They will have seven children and a house full of dogs, he predicts. Maybe they live in Mexico for a while and both write for the New Yorker. Or live in Europe for a while and work as a news correspondent.
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It’s Not All Carnival: The letters involve a lot of number crunching as Kurt calculates the cost of living. He jokes that he just opened a Fletcher Trust checking account, “with all the money I made working for Adolf Hitler,” to the tune of $458.98.
As with most stories of love and ambition, it’s complicated. There are references to misunderstandings, and there’s something disturbing about the way Kurt tracks Jane’s menstrual cycles. Perhaps we shouldn’t judge his smiling promise to keep her “perpetually pregnant,” but it is tempting. Oddly, they end up with those seven kids; they had three, and they took in their four nephews when Kurt’s sister and her husband died.
In the midst of all this oozing from Kurt, one question looms: Where’s Jane? Jane graduated Phi Beta Kappa from Swarthmore and was a fierce writer. Kurt often speaks as if he and Jane are a team, referring to “our ambition to write great books.” He even suggests that she is more talented: “I wish I could write as well as you. But he’s the one who starts saying the words, while she acts as editor, secretary and cheerleader.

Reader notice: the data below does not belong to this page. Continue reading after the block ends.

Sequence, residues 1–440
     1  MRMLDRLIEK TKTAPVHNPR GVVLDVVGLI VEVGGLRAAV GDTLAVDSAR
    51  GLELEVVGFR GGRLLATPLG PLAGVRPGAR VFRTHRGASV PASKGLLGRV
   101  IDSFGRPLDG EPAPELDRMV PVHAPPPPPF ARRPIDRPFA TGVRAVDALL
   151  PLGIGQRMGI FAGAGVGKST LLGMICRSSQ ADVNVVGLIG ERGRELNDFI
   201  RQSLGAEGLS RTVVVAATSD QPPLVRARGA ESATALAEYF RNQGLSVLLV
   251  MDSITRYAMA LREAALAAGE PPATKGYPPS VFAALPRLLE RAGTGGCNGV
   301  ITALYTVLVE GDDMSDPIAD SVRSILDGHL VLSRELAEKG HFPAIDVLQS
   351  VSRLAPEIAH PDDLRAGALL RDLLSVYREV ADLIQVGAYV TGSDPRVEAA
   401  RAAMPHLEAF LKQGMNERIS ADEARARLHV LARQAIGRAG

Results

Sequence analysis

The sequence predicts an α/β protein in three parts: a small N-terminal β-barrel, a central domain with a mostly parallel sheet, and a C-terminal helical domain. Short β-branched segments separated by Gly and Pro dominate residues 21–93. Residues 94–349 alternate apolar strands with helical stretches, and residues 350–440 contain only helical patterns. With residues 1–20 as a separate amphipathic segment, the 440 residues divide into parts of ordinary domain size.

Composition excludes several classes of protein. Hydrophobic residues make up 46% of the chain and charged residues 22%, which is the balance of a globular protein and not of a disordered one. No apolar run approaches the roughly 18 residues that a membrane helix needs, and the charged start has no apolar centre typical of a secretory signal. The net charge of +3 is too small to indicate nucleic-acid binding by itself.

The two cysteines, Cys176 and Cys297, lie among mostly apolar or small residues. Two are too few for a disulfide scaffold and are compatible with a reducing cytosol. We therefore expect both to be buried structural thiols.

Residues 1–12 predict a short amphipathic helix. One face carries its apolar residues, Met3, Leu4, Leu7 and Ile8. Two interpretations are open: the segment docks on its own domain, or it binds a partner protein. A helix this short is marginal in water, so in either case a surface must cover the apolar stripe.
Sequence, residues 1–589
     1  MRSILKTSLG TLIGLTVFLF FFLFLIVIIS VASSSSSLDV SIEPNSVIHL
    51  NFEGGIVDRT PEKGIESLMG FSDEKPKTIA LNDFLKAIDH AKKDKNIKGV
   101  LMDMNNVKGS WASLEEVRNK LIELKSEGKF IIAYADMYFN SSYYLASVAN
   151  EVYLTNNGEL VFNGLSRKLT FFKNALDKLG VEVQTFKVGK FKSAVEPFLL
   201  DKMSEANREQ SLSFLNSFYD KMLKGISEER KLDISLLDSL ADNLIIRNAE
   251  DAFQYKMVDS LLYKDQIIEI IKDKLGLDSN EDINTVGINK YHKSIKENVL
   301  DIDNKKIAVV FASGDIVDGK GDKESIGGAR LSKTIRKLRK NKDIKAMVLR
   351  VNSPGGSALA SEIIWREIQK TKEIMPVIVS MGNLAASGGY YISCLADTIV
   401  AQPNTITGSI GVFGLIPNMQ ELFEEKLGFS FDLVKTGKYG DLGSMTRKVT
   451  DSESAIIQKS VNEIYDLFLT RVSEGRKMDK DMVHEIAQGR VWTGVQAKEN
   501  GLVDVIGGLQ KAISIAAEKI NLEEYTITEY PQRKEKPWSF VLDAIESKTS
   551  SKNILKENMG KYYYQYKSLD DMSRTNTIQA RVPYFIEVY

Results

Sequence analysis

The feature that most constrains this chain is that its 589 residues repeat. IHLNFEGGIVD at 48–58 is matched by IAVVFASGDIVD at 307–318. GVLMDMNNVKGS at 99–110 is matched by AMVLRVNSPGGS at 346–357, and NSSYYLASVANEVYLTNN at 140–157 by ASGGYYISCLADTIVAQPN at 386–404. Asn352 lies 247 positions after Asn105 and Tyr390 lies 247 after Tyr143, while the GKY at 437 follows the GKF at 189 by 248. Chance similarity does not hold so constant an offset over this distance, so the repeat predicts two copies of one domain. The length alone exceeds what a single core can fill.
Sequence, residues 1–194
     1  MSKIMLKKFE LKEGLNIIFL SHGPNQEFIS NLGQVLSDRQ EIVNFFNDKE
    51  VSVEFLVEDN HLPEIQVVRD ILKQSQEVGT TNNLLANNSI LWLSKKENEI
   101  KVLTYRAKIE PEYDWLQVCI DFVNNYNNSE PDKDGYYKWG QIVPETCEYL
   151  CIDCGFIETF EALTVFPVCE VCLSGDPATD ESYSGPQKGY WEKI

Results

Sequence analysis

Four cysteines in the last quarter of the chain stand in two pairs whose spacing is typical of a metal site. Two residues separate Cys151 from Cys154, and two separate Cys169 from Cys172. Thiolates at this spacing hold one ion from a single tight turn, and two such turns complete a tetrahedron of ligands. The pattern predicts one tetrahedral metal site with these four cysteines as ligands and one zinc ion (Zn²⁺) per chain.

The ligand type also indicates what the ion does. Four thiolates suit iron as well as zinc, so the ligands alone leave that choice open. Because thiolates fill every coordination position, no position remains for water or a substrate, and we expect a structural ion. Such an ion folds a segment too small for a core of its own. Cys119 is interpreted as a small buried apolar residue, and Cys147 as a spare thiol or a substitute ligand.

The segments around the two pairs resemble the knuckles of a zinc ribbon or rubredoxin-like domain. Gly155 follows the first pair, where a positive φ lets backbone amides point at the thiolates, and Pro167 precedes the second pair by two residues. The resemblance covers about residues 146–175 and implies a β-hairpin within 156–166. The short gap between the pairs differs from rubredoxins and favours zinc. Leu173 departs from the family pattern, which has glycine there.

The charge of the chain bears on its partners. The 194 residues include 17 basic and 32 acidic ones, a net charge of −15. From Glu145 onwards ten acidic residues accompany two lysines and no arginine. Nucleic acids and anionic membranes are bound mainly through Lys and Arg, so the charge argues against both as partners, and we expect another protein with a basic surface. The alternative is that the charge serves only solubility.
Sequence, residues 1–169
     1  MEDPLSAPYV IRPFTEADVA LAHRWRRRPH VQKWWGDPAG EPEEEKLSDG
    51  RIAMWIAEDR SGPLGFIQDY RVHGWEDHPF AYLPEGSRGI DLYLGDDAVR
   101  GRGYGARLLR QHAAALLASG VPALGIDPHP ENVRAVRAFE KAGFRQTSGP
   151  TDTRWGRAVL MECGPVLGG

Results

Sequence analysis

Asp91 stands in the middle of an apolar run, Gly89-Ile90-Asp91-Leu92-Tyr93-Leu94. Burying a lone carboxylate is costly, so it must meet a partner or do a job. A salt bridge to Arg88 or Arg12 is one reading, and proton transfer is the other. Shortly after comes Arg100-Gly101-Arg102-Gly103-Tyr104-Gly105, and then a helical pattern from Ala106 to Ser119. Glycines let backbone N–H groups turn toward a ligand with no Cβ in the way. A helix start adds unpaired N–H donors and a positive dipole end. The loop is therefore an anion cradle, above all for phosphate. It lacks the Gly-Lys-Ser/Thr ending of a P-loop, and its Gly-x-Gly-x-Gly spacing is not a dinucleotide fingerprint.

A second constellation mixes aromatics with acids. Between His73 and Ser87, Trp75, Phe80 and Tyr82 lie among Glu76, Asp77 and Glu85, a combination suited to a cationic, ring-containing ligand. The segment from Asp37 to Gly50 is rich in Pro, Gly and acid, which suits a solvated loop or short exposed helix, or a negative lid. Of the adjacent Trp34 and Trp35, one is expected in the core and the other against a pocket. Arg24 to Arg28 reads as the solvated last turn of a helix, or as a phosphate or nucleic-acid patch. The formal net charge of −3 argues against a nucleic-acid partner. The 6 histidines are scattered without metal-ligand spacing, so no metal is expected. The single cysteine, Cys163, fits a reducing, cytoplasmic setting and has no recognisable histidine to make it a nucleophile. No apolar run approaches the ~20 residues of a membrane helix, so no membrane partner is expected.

“Good!!!!!!!” she tells him a story. “Darling, I am firmly convinced that you are the best writer on the face of the earth today. He seems to need her support: “You scare me when you say I would have been Shakespeare if I had lived then. . . . Angel, will you hold on to me if it goes backwards and down?”
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Is Jane shaping Kurt? A New Yorker article published five years ago, when the first small batch of these letters was made public, appeared under the headline “How Jane Vonnegut Made Kurt Vonnegut a Writer.” Jane was clearly influential. She gave Kurt encouragement and confidence at a tender age, and themes from these letters later found their way into his work. It is likely that Jane helped create the conditions in a busy household that allowed him to write.
Would the manic creativity displayed in these letters have made it into print if his love life had taken a different course? We are speculators here, looking into other people’s marriages. Even as a literary biography, voyeurism is still voyeurism.
“What I tell you in my letters is of no particular concern to anyone,” writes Kurt from abroad. He refers to the censors and explains that he is withholding certain “poetic references” and “biting commentary.” It is impossible to know the exact intention of these words, but it begs the question whether it is his wish that these letters remain private. But with the rich history they contain, the publication of these letters is probably part of the price of literary significance. In Curt’s 2007 New York Times obituary, Jane’s name was mentioned as a high school sweetheart whom he married and divorced. These letters give Jane, who died in 1986, standing — if only indirectly.